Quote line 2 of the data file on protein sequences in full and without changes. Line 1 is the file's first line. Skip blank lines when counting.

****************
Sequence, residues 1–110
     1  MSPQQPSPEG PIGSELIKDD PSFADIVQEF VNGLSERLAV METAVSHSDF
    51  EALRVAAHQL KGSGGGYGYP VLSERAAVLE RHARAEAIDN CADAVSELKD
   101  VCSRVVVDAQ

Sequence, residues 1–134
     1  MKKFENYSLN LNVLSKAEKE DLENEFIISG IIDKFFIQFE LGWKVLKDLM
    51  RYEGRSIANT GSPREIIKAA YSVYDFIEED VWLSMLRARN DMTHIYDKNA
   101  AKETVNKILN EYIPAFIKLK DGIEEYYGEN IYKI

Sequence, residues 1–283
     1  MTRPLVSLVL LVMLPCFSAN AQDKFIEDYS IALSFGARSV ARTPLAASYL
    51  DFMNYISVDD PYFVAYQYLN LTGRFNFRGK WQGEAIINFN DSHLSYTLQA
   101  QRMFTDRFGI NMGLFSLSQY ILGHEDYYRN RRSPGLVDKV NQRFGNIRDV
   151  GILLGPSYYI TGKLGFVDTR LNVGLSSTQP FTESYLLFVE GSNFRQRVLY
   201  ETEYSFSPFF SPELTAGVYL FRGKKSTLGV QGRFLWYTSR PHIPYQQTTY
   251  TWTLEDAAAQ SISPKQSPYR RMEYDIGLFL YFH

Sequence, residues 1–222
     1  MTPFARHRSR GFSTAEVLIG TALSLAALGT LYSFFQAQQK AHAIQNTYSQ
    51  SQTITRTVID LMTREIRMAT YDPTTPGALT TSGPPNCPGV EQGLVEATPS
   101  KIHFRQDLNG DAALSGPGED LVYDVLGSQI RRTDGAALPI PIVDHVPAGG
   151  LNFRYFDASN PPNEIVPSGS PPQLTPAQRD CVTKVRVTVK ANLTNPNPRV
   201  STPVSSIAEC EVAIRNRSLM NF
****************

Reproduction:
     1  MSPQQPSPEG PIGSELIKDD PSFADIVQEF VNGLSERLAV METAVSHSDF